The Many Uses of Hemp
Hemp or Industrial Hemp is a variety of Cannabis plant grown in the Northern Hemisphere. This plant has been grown for many uses including for Cannabidiol and fiber. Classified as Cannabis Sativa, this plant was discovered over 10,000 years ago. It has many uses including as a food source for humans and animals, fabric and textile applications, building construction applications, marine and aviation applications, automotive applications, and for nutraceutical and health product applications. Until recently, it was grown primarily and Europe and Canada and is currently federally illegal in the US. The passage of the U.S. Farm Bill of 2018 would legalize hemp and declassify it as scheduled narcotic. The FDA recently legalized a hemp derived product called Epidolex for the treatment of seizure disorders in children. Hemp is primarily used in commercial and industrial applications, including food, clothing, fuel, paper, textiles, building material. Seed oil, derived from the plant, has been used in plastics and oil based paints.
Hemp in Food
Hemp has been used as a food source for 1000s of years for both humans and animals. The plants seeds can be eaten raw or and can be ground up to form powders used to make both milk and tea. It’s high in unsaturated fatty acids and is an excellent protein source. Its protein profile is very similar to other proteins such as, meat, milk, and eggs. In 2011, the US imported just over 11 million dollars in hemp based products these products are sold primarily in nutrition stores and over the internet.
Industrial Plant Fiber
Industrial Hemp has a variety of fiber applications including rope, fabric, and building material. The plant fiber is extremely durable and is replacing wood in some current construction applications. The first home using this “hempcrete” material was completed in Ashville, North Carolina in 2010. The main part of the stalk or “hurd” is the critical component in hempcrete. Many companies including Lotus and Mercedes currently use a mixture hemp and fiberglass in their automotive applications. Ropes made from the plant fibers were used in the age of the sailing ships for rope, sails, and other boating material. The plant has also been used to make jewelry and clothing during this time, as well as used today.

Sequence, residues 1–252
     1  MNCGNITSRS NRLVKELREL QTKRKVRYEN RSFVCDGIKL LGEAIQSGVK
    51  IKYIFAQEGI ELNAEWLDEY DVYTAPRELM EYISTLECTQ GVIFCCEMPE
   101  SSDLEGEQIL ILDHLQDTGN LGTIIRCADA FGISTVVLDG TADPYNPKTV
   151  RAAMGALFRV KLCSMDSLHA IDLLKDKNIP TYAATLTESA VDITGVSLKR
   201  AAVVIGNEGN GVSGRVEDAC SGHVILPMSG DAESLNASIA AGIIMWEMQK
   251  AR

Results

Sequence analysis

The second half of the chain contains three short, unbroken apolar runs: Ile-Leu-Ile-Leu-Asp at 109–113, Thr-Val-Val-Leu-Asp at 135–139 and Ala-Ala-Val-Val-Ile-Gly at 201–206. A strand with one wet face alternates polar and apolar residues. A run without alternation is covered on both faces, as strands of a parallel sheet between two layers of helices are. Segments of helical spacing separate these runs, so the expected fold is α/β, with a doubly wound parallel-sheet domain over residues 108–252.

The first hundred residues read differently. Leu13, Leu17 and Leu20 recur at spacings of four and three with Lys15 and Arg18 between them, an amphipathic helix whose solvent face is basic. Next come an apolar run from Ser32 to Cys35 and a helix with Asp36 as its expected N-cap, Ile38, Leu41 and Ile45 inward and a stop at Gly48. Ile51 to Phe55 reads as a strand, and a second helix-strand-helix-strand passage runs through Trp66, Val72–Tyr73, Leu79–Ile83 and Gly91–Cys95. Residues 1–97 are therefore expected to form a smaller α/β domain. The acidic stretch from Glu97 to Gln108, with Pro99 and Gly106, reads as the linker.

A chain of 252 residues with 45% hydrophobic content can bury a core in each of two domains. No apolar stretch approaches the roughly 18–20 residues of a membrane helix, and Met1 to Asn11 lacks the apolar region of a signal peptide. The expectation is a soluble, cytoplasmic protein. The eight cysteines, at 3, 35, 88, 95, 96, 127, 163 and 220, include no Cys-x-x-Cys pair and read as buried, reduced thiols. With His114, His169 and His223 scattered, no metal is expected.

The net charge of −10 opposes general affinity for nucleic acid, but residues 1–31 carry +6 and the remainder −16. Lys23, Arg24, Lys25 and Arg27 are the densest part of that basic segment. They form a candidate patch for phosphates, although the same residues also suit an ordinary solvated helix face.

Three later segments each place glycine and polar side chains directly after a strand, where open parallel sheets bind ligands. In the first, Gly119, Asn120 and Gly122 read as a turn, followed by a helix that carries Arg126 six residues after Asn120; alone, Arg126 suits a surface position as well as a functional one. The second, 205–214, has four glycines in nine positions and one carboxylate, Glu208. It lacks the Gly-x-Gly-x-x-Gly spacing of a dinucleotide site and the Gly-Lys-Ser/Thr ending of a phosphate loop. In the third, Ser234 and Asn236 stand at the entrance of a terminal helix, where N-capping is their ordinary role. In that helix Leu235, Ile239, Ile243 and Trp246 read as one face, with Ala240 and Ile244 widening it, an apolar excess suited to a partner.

Learn more about Hemp Fiber here at https://anocbd.com/fiber/.
Hemp CBD (Cannabidniol)
CBD is found being sold in virtually every state in the US in a variety of health and wellness applications. These applications include tinctures, cream, and vape products. There are even applications for pets sold in nutrition shops and health shops nationwide. The most common types are sold in whole plant oil or isolate based forms. CBD legality is a bit of an unknown area currently. The Farm Bill of 2018 hopes to address some of the issues facing hemp, including who the government authority regulating hemp should be. The Farm Bill of 2018 would permanently separate hemp from marijuana and would implement the Department of Agriculture as governing body of Industrial hemp. The classification would be based on a threshold of a .03 % THC content. Meaning that any product containing <.03% THC would classify it as Industrial Hemp. This would be great for US Farmers, who until recently have not been allowed to farm industrial hemp and therefore have been shut out of a billion dollar industry!